October 13, 2012
You may have seen portions of this interview with Senior Climate Scientist Mike MacCracken in this fall’s Sea Ice Minimum video, and you may remember him for his classic and agonizingly spot-on 1982 lecture at Sandia Lab, which I covered here.
I interviewed Mike this past August in San Francisco. This is the complete 13 and a half minutes, and worth listening to.
June 30, 2012
Jerry Mitrovica of Harvard discusses some of the counter-intuitive details of sea level metrics.
November 11, 2011
Barry Bickmore is Associate Professor of Geological Sciences at Brigham Young University. His research specialties are low-temperature geochemistry and geoscience education. In this presentation, he discusses how he moved from being a climate change “skeptic” to being an outspoken advocate of mainstream climate science. He then discusses how it is that people like him can so effectively avoid the truth about climate change. (about 40 minutes)
November 4, 2011
I’ll be updating my video on solar effects and the bogus “The Sun is doing it” crocks soon.
In the meantime here is a very well done, short, NASA film describing the most noticeable cycles of the sun.
October 15, 2011
Lovins will be a keynote speaker for this year’s Bioneers conference, saturday. The main event is held in San Rafael, CA, but broadcasts a number of the key speakers to satellite locations around the country.
I gave a well attended presentation at the Traverse City Michigan location on Friday, and hope to watch some of the national speakers on saturday. I almost always hear something that surprises, delights, and/or informs me, often from a speaker I had not heard before.
Lovins talk will be kind of a launch pad for his new book, Reinventing Fire. If you’ve seen Lovins talk in the last few years, the first half of the video above will be review – in the second half he has some more recent information, especially on electrical production.
The topic is water, but the parallels to our need to manage carbon in the biosphere are, I think, obvious.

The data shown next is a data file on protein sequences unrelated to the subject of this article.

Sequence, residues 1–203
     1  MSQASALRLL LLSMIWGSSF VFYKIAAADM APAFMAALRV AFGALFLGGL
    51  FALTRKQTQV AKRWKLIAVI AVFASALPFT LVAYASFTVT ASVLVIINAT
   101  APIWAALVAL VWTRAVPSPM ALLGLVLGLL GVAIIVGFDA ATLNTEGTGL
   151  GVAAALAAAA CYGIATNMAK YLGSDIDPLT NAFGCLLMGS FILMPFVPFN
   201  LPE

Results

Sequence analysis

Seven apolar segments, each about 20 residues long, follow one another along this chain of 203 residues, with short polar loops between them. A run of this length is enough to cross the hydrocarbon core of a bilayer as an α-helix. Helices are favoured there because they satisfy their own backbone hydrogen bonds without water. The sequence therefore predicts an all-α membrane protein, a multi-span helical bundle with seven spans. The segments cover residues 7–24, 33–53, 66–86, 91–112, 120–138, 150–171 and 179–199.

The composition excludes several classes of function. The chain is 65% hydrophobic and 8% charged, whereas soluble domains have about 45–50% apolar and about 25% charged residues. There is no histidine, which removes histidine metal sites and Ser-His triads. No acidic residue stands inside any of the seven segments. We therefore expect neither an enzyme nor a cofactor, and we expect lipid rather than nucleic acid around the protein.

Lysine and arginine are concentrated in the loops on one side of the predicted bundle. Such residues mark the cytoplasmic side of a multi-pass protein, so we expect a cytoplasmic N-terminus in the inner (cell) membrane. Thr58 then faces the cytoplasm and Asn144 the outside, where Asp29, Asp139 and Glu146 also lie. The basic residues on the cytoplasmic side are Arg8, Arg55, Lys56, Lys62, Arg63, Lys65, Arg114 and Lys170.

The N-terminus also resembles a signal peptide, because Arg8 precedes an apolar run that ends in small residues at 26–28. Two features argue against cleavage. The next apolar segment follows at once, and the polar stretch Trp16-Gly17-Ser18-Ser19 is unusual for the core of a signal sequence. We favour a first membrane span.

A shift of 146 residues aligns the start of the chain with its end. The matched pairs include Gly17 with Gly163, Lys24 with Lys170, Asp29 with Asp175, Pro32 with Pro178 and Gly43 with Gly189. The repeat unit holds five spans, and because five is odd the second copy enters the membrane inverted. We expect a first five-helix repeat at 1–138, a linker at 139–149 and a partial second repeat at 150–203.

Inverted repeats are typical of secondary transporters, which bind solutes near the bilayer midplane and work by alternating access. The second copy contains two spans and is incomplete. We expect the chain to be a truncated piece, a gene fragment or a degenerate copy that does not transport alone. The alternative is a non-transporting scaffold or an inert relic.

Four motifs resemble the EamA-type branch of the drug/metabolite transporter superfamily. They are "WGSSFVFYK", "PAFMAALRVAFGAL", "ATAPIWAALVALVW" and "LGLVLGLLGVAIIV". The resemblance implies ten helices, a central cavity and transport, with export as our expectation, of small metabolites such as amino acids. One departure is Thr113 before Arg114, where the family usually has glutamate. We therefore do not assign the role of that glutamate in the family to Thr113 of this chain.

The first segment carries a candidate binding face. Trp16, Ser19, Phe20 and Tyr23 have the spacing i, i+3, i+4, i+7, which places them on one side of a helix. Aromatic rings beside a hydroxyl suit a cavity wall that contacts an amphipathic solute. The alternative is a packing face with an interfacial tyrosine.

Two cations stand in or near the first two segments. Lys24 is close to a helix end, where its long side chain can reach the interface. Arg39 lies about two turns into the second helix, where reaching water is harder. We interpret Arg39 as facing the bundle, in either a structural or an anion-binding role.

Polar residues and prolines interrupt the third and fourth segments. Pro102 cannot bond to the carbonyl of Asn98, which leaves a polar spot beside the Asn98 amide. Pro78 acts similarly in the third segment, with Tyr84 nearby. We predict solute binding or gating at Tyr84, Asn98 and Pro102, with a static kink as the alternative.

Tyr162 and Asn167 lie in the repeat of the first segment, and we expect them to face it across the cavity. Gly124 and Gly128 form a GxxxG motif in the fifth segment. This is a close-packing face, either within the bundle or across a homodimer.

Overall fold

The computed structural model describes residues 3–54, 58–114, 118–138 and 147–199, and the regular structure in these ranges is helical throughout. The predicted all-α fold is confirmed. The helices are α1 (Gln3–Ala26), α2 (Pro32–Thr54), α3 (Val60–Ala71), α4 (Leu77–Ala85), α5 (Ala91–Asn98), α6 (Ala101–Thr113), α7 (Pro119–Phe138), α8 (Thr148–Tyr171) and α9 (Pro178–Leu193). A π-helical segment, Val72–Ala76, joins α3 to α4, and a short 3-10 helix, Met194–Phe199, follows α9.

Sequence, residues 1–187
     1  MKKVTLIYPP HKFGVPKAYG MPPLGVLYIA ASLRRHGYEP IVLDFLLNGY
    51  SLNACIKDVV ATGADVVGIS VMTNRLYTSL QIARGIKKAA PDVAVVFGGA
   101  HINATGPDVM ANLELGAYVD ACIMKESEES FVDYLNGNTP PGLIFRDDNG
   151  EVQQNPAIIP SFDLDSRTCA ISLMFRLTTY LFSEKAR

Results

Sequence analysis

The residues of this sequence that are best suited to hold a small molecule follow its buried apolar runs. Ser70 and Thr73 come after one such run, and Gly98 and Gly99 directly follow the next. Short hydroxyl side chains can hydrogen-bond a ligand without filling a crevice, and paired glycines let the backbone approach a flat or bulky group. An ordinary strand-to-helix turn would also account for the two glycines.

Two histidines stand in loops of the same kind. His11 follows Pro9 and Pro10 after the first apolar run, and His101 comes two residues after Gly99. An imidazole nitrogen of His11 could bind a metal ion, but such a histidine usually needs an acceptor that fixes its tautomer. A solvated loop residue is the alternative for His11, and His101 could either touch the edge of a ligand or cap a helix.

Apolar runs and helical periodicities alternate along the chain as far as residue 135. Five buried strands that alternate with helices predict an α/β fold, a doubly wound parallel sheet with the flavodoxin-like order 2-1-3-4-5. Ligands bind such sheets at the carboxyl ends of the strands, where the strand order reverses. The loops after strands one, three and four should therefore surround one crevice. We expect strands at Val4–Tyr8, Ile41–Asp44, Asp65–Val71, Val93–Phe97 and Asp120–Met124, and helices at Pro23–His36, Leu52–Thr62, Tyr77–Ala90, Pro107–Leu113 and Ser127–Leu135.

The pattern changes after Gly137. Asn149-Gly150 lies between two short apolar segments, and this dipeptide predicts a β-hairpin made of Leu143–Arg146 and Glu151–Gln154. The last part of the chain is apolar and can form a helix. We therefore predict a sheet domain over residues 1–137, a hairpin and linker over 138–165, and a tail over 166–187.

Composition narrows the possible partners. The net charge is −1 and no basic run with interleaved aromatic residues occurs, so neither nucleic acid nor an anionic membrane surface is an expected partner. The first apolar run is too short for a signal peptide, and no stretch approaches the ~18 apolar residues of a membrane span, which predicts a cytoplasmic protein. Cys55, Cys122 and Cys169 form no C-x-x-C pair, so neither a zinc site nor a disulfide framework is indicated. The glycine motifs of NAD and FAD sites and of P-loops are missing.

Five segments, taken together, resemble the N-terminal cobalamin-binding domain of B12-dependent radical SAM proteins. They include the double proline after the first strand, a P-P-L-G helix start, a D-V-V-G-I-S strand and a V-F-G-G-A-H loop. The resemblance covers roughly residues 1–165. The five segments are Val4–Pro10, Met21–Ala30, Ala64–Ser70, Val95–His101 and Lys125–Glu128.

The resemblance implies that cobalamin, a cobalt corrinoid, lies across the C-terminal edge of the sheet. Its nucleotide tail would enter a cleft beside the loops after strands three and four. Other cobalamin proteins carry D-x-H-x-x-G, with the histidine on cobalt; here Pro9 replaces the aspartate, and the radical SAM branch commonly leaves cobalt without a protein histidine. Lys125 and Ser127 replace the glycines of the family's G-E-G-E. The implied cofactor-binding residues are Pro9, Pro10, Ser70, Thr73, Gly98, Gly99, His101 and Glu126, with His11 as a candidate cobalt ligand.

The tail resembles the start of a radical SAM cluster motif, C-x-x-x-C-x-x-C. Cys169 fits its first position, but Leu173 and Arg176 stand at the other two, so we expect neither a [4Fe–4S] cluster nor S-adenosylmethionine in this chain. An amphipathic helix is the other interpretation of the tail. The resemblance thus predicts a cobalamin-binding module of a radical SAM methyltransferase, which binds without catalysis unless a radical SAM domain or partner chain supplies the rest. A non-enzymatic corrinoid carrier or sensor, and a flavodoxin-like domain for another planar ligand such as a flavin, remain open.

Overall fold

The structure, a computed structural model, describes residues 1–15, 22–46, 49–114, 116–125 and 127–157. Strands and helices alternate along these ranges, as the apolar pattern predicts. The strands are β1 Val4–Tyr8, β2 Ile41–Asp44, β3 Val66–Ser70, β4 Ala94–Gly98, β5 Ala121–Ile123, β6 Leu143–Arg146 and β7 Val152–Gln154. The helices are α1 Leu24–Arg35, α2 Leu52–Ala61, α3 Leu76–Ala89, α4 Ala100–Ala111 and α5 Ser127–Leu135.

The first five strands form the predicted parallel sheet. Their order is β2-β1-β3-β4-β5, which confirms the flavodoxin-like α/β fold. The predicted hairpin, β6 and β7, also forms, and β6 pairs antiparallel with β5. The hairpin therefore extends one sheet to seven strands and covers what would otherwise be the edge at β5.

September 30, 2011
This is the smartest, most engaging conversation you will hear this week.
It’s great to listen to someone who is genuinely inspired by a cool idea, and is making it work.
If you’re stuck on a project, and need some inspiration, check this out.
SnapGoods CEO Ron J. Williams discusses the “access economy”. Just like Zip Cars offers consumers personal transportation, rather than car ownership, – as a service, – SnapGoods (“Own Less, Do More” – could this be a perfect slogan for a more sustainable society?) facilitates the use and sharing of goods through social communities. (You may not be able to justify buying that gadget – but what if you could get one just for that project this weekend?….)
“The SnapGoods consumer is very much a New Consumer,” says Baranowski. “It was exciting to talk with Ron about a shift we’ve been tracking over the last few years, from an ownership mindset to one of collaborative consumption—which is, of course, easier on the wallet and better for the environment. We believe the ‘access economy’ will create opportunities for innovative, more sustainable business models.”
September 23, 2011
The BBC produced a documentary broadcast on september 15, examining nuclear safety in light of the Fukushima events. It’s a generally pro-nuclear piece, but there are certainly images in here, particularly of Japanese exclusion-zone refugees, that would have to give almost anyone pause..
The program presenter is a nuclear physicist who tells us he is completely neutral in the argument. I’m posting the whole thing here since so many people seem to be angry with me for perceived anti-nuclear bias. ( I think I’m a nuclear realist, actually – but more on that in the future)
Below, a recent, very similarly formatted investigation on Australian “60 Minutes”, had a different perspective – which includes impacts on the rescue workers who responded to the disaster, and illnesses other than thyroid cancer, which BBC focuses on exclusively.
I was going to wait on this, but it’s too important. The point has often been made that the climate denial industry is based on the disinformation techniques pioneered and developed by the Tobacco industry – Naomi Oreskes does it elsewhere on this page. There’s a lot of footage here of tobacco flacks presenting to media and congress.
The parallels between “there is still debate about the link between smoking and cancer” and “there is still debate about the link between CO2 and global climate” are obvious.
See if you can pick out the specific techniques – and see if you can listen to this whole film without getting nauseous as I did.
September 16, 2011
See today’s post on the Tobacco Denial Industry. The same folks that brought you “Doctor’s Prefer Camels” are today bringing you “There is no global warming”.
Below, you can also watch Oreske’s longer ”American Denial of Global Warming”.